TV Review: Game of Thrones (Season 7, Episode 4)
Share This Article:
The opening shot of The Spoils of War - a convoy of Lannister wagons holding gold and grain - is a disappointingly literal embodiment of the episode’s title. Thankfully for the Game of Thrones audience (and impoverished student reviewers), the rest of The Spoils of War is a lot more compelling than that. The attack on Highgarden leaves Cersei Lannister with plenty of rewards, and Jaime (soured only slightly by the discovery that Olenna Tyrell killed his son) escorts the bounty back to King’s Landing with Bronn. In the capital, Cersei assures Tycho Nestoris that a Lannister always pays their debts, and in return Tycho promises the support of the Iron Bank in the war against Daenerys Targaryen. Meanwhile, Arya Stark returns to Winterfell and is reunited with her sister Sansa. It’s a scene so touching that it had to take place in a crypt, so the viewers remembered this is still Game of Thrones. The sisters take a moment to assess who they’ve become since they were separated, what’s been lost and what’s been gained. Arya takes Sansa’s position as de facto leader of the North in her stride, but Arya’s true capabilities are only hinted to her older sister. There seems to be an unwritten rule that only two young noblewomen can be at Winterfell simultaneously, and so Meera Reed makes an unceremonious exit this week, after a less than fond farewell from Bran. Meera is understandably upset that the guy she lugged through a frozen wasteland for years is so blasé about her departure. Boys will be emotionless, all-seeing tree spirits, I guess. Hopefully the Westerosi feminist movement will tackle this issue once the war’s over. Speaking of men misreading the mood, Daenerys and Missandei’s gleeful discussion of Grey Worm’s, er, abilities is interrupted by Jon Snow, who wants to show Daenerys a deposit of dragonglass. Jon, who seems to feel he can only woo women if he lures them into a cave first, reveals paintings by the Children of the Forest that depict their joint attack on the White Walkers with the First Men. The cave paintings are a partial history of the Long Night, as only Bran Stark knows that the Children of the Forest created the White Walkers in the first place. Likewise, Sansa and Arya lament that a statue of their father Ned fails to capture his true likeness. What history chooses to record and what it does not is crucial to the Game of Thrones mythos; when all else is dust, only history remains. Daenerys resolves to help Jon if he swears his loyalty to her, and echoes Jon’s warning to Mance Rayder when she urges him to put his people’s survival above his pride. With the amount of sexual tension and flattering torchlight in that cavern, a royal wedding seems likely if Jon and Daenerys both survive the series.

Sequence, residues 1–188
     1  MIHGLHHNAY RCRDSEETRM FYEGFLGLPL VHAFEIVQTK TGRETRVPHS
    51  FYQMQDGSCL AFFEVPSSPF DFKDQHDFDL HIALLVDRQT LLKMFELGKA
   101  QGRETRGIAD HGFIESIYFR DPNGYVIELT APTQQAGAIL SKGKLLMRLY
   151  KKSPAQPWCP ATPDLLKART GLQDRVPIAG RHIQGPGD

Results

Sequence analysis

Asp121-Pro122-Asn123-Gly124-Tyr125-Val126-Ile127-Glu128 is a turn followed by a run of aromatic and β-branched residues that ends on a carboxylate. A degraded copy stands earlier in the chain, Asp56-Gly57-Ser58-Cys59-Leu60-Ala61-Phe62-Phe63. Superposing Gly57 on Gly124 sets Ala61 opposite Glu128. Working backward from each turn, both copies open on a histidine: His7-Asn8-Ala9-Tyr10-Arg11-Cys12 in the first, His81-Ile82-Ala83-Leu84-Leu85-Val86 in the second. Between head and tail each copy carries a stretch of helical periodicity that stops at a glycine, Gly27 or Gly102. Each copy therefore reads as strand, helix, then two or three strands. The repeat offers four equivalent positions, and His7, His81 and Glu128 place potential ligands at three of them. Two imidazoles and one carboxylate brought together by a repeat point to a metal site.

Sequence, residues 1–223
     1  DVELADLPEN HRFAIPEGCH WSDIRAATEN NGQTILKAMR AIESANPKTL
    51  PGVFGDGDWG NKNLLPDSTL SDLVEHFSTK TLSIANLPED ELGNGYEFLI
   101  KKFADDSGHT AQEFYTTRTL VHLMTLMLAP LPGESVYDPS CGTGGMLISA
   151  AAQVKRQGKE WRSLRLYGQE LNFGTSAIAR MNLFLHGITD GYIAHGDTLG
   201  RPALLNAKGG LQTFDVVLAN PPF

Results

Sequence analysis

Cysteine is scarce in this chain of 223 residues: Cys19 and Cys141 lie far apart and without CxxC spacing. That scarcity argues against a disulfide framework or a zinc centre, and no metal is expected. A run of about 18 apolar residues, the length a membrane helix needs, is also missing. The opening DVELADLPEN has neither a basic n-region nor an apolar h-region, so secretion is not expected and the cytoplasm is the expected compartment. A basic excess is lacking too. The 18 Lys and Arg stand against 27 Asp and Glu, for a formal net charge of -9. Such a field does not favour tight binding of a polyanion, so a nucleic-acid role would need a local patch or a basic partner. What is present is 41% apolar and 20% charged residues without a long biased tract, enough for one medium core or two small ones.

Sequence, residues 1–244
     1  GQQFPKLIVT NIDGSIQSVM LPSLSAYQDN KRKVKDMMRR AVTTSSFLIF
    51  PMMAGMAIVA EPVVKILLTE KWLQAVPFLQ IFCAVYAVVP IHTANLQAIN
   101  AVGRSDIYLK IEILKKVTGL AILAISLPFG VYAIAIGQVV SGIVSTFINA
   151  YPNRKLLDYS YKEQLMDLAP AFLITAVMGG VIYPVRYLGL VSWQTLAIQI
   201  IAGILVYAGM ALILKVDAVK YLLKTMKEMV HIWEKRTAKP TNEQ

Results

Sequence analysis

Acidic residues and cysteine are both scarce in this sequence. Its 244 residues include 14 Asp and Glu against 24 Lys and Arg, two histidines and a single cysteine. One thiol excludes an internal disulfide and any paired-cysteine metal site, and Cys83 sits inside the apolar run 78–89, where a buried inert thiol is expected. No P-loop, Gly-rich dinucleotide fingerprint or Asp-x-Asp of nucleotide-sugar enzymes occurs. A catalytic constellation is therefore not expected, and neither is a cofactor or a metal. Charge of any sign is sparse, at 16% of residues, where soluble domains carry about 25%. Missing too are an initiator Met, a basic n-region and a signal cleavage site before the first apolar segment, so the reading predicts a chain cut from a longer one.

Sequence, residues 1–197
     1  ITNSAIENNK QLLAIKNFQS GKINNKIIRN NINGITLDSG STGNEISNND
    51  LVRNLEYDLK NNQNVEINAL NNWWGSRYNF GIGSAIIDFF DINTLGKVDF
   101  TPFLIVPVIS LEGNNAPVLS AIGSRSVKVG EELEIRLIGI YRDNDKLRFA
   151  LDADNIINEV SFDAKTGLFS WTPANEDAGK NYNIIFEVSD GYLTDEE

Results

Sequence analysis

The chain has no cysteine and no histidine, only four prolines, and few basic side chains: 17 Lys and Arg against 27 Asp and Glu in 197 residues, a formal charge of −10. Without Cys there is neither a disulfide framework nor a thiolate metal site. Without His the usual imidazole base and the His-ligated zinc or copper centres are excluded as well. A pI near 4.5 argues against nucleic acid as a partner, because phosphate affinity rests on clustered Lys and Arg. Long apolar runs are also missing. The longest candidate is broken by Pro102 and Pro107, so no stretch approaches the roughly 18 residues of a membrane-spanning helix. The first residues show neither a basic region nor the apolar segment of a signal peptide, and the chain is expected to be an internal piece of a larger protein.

- Article continues below...
- More stories you may like...
- Review: Russell T Davies, Edinburgh TV Festival
- Gemma Chan: We should 'be less judgmental with others and with ourselves'
- How Glee changed the world